The potential legal implications of violating a patent requires the assistance of expert counsel in areas such as innovation, field of use, royalties, head-of-agreement terms, etc. Although being an expensive process that can negatively impact the financial resources of a biotechnology start-up, legal IP expertise also serves the purpose of prosecuting copy-cats.

4. Competitive Advantage
Competitive advantage: the key challenge and opportunity in commercial transactions and outcomes; its success lies in the axiom “Understand your competition as well, if not better than thyself”.

No company, be that a startup or established corporation, can afford the absence of competitive strategies. Skills in knowledge management and data mining are useful in the planning of corporate strategies in addition to the regular update of marketing e-commerce and social media tools used in the competitive analysis that precedes a successful commercialization. A clear understanding of information transfer technologies, e-commerce and sales and marketing tools is now an essential requirement in competitive analysis.

5. Entrepreneurship and Structure
Ideally, the entrepreneur enjoys and thrives while working in an innovative, fast-paced environment. However, the reality of the economic marketplace suggests that equal attention should be given to the role of ‘intrapreneurs‘, those executives who implement a formal corporate-like structure to reflect the vision of the entrepreneur’s initiative in a manner that conveys a more established and organized company image to investment sources.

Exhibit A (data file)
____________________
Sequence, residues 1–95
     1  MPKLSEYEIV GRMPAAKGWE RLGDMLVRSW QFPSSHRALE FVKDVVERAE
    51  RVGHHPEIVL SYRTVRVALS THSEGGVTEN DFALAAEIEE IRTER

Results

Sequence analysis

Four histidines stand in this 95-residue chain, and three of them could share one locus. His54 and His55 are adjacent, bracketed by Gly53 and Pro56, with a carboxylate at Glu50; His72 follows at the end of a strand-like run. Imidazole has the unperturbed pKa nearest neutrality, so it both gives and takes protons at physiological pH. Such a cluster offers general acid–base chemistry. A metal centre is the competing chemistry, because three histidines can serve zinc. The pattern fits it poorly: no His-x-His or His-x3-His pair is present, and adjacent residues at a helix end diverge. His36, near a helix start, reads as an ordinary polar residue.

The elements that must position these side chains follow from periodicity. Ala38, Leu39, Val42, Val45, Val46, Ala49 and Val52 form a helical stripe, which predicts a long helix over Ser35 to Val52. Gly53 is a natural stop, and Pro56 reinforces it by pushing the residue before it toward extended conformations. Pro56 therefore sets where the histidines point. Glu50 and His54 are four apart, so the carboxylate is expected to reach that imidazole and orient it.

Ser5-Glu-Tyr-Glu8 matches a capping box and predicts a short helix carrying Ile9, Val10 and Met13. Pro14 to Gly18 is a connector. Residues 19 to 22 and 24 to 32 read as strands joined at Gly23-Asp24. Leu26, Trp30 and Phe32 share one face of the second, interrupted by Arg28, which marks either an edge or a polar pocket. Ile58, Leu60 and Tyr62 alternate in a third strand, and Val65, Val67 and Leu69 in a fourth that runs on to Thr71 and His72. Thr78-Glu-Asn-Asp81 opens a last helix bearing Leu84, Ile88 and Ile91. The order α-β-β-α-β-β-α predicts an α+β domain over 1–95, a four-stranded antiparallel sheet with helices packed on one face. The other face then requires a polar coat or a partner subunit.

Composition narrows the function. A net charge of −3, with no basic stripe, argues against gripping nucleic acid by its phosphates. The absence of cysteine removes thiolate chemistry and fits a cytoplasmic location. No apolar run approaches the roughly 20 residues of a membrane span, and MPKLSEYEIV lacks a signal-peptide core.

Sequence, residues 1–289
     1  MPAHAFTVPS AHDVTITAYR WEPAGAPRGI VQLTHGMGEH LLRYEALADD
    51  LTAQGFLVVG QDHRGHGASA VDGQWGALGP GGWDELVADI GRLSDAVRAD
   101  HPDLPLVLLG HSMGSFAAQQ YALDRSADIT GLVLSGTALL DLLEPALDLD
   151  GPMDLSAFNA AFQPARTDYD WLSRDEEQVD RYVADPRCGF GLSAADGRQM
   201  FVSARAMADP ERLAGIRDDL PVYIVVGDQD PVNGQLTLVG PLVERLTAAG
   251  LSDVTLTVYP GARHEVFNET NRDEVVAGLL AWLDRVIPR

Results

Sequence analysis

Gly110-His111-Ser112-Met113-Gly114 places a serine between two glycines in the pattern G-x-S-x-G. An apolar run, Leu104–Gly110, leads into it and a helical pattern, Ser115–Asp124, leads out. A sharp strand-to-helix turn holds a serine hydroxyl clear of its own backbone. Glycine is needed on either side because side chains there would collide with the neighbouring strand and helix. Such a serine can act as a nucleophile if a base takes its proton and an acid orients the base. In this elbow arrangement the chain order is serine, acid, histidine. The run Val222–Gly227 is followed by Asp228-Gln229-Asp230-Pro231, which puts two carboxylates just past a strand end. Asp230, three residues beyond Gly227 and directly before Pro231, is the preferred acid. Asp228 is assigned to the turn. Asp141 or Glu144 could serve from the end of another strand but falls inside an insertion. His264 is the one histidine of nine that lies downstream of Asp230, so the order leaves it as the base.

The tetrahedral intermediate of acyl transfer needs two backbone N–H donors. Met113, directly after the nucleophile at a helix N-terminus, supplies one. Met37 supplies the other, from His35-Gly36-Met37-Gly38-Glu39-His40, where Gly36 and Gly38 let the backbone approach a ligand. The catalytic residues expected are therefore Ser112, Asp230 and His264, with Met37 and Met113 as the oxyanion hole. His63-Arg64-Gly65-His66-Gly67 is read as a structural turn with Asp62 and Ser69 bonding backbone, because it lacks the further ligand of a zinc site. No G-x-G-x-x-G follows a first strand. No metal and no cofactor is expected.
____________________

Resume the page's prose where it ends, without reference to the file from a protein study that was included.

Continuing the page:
6. Globalization
This one is the quintessential opportunity for any business sector and not just for a selected few because it implies an in-depth knowledge and understanding of the socioeconomic and political factors affecting the conduct of business in different regions. Just like we refer to startup companies, we can also refer to growing national economies, e.g., the BRIC countries.

The liberalization of world trade and the integration of regional markets such as the EU, NAFTA and ASEAN dovetail with organizations such as the WTO and GATT. Paradoxically, in the process of lowering trade barriers the pendulum has swung too far and we see an increase in protectionism by both industrial countries and newly industrialized ones. Furthermore, the fact that the Internet became an effective communications facilitator in no way replaces the unique value of face-to-face personal contact in all endeavors of business, sciences and humanities.

7. Mergers and Acquisition; Strategy and Technology Evaluation
The impact of IT has accelerated the process of consolidation and integration in the life sciences, particularly in those cases where a large pharmaceutical concern and a biotechnology company with a valuable technology platform are concerned. Shareholders, institutional investors and venture capital companies have much higher expectations, with a short time horizon, for a return of their investments.

Therefore, the cost of M & A’s requires a thorough analysis of corporate synergies, innovative financial instruments and fundamentals, experienced investment bankers and financial institutions, assessment of net present valuation and internal rate of revenue, evaluation of technology and future corporate strategy, top management succession, and ability to transfer technologies across corporate and international boundaries.

GENERAL REFERENCES AND ADDITIONAL READING (Links)

Picture Credit: © Rocksuzi | Dreamstime Stock Photos & Stock Free Images